Rohit Vohra explores our streets as a space where our lives meet and converge, unfolding pieces of our individual narratives. Vivid, sharp and gritty, his images are moments stolen from the crowd, which if not photographed, would be lost forever. His relationship with the camera didn’t evolve overnight, instead, he began shaping it very early on. ‘As a kid I was fascinated with the camera, the hot shot camera was a fun tool and I would often take pictures on family outings. That was at age 13. I guess that’s when the seeds were sown. I went on to do a BFA from College of Arts, Delhi. I specialized in applied arts and I did learn photography at the time but ended up in printing and publishing in 1997. I got into street photography in 2004, loved the genre instantly, read a lot of books, watched a lot of videos and tried to learn as much as possible. Things have changed a lot over the last 12 years and the only way I kept going was through reading,’ sums up Rohit. His love for the streets led him to launch APF Magazine along with his brother and fellow photographer, Vineet. APF explores fresh talent in photography, art and design and gives the young-guns of the creative world a foothold, and a direction ahead.
Rohit’s latest work, Catching a breath in Hong Kong, is a photo series that captures passing moments in a city that's always on the move. Shot entirely on an iPhone 6S, the photographs capture the varied, multi-faceted life that flows through the city’s veins and its most intriguing element - its people. Two strangers light a cigarette together, a bus driver on his regular route, a lone woman in a cafe, sipping her espresso - moments that are at once mundane and yet, striking. We connect with Rohit and together we explore the images from Hong Kong, his journey in the art and his sensibility.
I come from a family of artists and was lucky to have early exposure to art and photography. I learnt art from my father, who encouraged us to experiment with various genres. My brother Vineet, is a photographer, who I look upto and have a lot in common with.
In college I was attracted to photography and spent a lot of my time in the dark room. But it was not until 2003-4 that I picked up the camera again, all thanks to my late wife, Versha and the birth of my twins. I am here thanks to her.
What informs your sensibility when it comes to photography?
I guess the knowledge of fine art has helped in the formation of my aesthetic sensibility a lot, especially with regards to how I’ve grown to see composition, colour and texture. I often draw inspiration from great artists. Learning from mistakes and playing compositional games is what keeps me occupied. The purpose of a photograph is to create a memory, to steal a moment in time, a moment that you connect with. That’s all that I am doing.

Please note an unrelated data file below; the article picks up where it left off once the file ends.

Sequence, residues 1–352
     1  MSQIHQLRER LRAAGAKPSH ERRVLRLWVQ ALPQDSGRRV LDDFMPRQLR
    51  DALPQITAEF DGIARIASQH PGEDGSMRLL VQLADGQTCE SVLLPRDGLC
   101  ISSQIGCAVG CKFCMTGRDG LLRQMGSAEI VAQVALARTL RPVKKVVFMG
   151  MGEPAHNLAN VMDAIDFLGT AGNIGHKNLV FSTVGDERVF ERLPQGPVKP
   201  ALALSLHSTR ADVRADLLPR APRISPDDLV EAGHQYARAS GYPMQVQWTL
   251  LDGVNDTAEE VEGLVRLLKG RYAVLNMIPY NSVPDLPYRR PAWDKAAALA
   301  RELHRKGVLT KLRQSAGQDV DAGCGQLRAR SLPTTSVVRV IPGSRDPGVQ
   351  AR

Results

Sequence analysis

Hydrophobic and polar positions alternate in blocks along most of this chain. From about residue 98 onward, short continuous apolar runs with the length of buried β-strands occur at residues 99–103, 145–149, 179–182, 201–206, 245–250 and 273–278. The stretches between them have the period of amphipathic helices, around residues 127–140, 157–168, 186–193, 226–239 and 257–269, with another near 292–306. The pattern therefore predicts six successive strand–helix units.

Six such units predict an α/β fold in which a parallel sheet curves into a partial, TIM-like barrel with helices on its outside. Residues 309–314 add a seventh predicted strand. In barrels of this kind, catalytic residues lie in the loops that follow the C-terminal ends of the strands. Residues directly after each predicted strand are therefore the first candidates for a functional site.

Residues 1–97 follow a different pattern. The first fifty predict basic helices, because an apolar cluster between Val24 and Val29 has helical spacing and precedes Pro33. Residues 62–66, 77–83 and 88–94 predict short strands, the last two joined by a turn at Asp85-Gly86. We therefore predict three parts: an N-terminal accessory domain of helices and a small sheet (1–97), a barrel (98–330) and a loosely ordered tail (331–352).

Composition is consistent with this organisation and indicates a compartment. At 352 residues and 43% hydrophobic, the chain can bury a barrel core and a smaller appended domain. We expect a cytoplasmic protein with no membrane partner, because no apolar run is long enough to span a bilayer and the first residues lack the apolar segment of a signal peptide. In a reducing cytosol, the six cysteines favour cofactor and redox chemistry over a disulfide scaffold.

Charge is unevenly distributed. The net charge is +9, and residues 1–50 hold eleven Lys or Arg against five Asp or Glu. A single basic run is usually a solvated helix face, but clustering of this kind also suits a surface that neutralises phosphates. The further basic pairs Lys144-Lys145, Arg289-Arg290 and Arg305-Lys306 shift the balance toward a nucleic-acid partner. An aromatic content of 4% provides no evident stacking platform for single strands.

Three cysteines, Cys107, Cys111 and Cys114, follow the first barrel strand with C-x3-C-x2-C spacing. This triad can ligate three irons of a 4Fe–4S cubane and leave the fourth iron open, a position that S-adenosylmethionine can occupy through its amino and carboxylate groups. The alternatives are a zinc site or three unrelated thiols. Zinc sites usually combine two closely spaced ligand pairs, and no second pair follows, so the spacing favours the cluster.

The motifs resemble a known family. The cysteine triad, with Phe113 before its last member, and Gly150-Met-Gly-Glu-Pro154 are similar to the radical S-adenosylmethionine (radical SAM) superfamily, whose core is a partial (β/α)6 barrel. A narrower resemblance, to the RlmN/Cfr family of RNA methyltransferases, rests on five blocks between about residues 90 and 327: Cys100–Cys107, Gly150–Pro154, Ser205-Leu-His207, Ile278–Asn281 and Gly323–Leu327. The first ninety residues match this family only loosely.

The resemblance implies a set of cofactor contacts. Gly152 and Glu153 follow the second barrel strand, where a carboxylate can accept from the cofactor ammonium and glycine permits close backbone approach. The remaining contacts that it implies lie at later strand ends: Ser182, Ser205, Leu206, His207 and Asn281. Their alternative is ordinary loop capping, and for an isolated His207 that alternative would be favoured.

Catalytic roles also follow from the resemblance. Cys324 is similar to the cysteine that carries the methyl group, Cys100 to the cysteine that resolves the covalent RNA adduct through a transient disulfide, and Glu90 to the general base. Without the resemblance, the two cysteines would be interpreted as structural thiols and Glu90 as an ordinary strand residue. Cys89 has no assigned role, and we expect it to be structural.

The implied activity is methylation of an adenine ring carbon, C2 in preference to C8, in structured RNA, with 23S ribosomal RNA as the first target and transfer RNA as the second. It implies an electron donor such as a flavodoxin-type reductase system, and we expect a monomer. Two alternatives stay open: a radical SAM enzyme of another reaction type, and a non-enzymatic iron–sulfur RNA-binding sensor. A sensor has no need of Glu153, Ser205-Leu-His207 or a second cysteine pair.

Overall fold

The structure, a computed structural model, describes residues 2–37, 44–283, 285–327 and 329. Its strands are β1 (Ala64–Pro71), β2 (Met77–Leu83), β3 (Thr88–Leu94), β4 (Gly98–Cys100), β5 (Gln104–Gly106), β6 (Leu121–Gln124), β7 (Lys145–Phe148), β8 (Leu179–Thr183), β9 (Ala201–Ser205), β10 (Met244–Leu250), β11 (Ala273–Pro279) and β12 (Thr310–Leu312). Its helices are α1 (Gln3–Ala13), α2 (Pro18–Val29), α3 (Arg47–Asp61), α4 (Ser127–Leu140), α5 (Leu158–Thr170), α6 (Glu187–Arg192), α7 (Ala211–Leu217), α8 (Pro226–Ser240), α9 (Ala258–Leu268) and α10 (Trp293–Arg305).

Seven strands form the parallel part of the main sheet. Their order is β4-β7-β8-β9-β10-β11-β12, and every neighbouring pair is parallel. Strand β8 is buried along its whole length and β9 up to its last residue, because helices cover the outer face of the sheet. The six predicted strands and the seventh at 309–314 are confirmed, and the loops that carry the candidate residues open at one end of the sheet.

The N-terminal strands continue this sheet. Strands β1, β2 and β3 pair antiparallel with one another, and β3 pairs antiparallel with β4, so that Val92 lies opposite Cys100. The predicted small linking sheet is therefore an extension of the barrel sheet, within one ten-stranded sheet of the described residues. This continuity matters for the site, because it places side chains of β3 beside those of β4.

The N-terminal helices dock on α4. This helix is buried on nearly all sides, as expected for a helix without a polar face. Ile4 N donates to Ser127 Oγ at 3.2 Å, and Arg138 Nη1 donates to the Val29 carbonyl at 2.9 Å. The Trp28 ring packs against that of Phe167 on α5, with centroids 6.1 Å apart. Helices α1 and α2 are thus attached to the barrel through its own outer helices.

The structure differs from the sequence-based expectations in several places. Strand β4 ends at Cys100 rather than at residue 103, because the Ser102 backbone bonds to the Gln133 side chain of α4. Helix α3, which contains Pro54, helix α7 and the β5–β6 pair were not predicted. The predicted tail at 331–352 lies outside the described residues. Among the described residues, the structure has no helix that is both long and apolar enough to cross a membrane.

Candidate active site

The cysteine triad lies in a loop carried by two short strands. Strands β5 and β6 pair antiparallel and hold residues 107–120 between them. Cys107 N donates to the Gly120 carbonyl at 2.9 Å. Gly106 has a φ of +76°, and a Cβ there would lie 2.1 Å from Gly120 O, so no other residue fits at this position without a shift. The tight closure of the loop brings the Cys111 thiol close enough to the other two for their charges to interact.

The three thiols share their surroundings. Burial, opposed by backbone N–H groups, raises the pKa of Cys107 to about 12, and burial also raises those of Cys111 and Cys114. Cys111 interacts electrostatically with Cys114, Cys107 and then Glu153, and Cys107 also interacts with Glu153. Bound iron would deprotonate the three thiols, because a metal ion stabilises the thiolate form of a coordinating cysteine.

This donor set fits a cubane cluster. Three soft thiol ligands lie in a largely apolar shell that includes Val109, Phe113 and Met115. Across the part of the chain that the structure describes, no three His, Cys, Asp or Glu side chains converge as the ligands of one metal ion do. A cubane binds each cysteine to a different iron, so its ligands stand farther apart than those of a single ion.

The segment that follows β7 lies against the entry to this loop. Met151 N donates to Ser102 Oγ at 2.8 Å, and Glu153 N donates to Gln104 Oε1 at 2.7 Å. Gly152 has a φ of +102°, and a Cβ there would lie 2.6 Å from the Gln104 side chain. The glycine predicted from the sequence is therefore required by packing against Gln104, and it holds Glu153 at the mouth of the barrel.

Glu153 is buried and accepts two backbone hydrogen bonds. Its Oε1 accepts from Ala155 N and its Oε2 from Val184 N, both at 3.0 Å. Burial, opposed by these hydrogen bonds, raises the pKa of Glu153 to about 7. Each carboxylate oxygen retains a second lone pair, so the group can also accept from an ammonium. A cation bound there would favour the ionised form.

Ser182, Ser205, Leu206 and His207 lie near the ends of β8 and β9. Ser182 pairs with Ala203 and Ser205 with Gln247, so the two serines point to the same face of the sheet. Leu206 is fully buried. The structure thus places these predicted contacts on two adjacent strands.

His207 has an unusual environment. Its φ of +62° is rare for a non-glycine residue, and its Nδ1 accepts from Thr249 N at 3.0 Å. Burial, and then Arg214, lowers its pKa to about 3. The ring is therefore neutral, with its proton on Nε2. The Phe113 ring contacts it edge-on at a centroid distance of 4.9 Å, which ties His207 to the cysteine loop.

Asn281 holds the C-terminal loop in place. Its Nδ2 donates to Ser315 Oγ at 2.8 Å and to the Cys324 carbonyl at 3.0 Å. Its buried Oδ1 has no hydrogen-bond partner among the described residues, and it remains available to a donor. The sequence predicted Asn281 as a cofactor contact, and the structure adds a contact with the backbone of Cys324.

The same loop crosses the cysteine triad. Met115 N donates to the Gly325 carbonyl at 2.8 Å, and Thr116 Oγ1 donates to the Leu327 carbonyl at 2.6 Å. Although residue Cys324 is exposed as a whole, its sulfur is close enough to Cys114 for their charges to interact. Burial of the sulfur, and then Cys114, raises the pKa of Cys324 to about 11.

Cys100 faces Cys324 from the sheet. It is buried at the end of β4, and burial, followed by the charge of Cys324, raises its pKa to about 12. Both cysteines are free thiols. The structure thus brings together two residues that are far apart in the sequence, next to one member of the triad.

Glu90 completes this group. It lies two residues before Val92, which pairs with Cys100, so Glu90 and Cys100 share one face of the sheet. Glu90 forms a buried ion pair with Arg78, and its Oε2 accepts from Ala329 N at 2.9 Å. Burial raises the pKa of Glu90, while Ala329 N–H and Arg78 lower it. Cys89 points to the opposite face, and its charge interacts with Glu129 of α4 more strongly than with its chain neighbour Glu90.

Three words that describe your work?
Candid, Quotidian, Raw.
What according to you is the most compelling aspect of street photography?
Street photography is one of the purest forms of photography. It is also one of the most difficult forms of photography. It’s difficult because we usually don’t have much control over the environment, well at least as much as we might like.
The most compelling aspect of street photography is the uncertainty… the challenge… the joy of capturing that perfect moment… perfect in terms of light, texture, and elements all perfectly in place.
Beautiful, subtle stories happen around us everyday and street photography helps me understand our society and our place in it.
Take us through your photo series form the streets of Hong Kong.
I was in Hong Kong for 5 days with no plans and I just had my iPhone. I am a compulsive shooter. The dea was simple, it always has been - to capture stolen moments, moments if not captured would be lost forever. Simple, gritty black and white frames which talk about Hong Kong - that was my brief to myself. Hong Kong, like any other big city is a concrete jungle, hustling and bustling with life. Nothing stops, everything happens in a heart beat. There is story in every corner, strange things happen around us, we just have be receptive to these moments. That is the reason I've captured this vibrant city without color, I wanted to capture it's very soul.
What is your vision for APF Magazine? Where do you see it in 5 years?
APF is born from an education imperative, it’s an evolving magazine where we recognise fresh talent. The intent is to provide a platform for emerging photographers, artists & designers to showcase their works, works that are not necessarily commercial, to create opportunities and open new doors. The subjects explored are broad, in terms of concepts, styles and techniques. We want to explore the limits and possibilities.
The Magazine was launched on the 1st of January, 2013 and it has been a fun and exciting ride.
We are currently in the top 3 street photography magazines in the world, and we are happy to be there. Currently my brother Vineet (Co-founder APF) and I are doing workshops around the world and the next 3-5 years are very exciting for us as we bring in a lot of exciting things, including our own Street Photography Awards and also creating meeting places, APF cafes around the world. Shhhh….
What does 2017 hold for you? Do you have any shows coming up?
2017 is already looking good, I was just named as a juror for SIPA, Siena International Photo Award 2017. Usually I don’t make any plans but this year I am setting a few personal goals and hopefully will be able achieve them in time. Been working on a book for the last few years and 2017-2018 is the deadline for that, so working hard to put it together.
Take a look at Rohit's work here.
Text Ritupriya Basu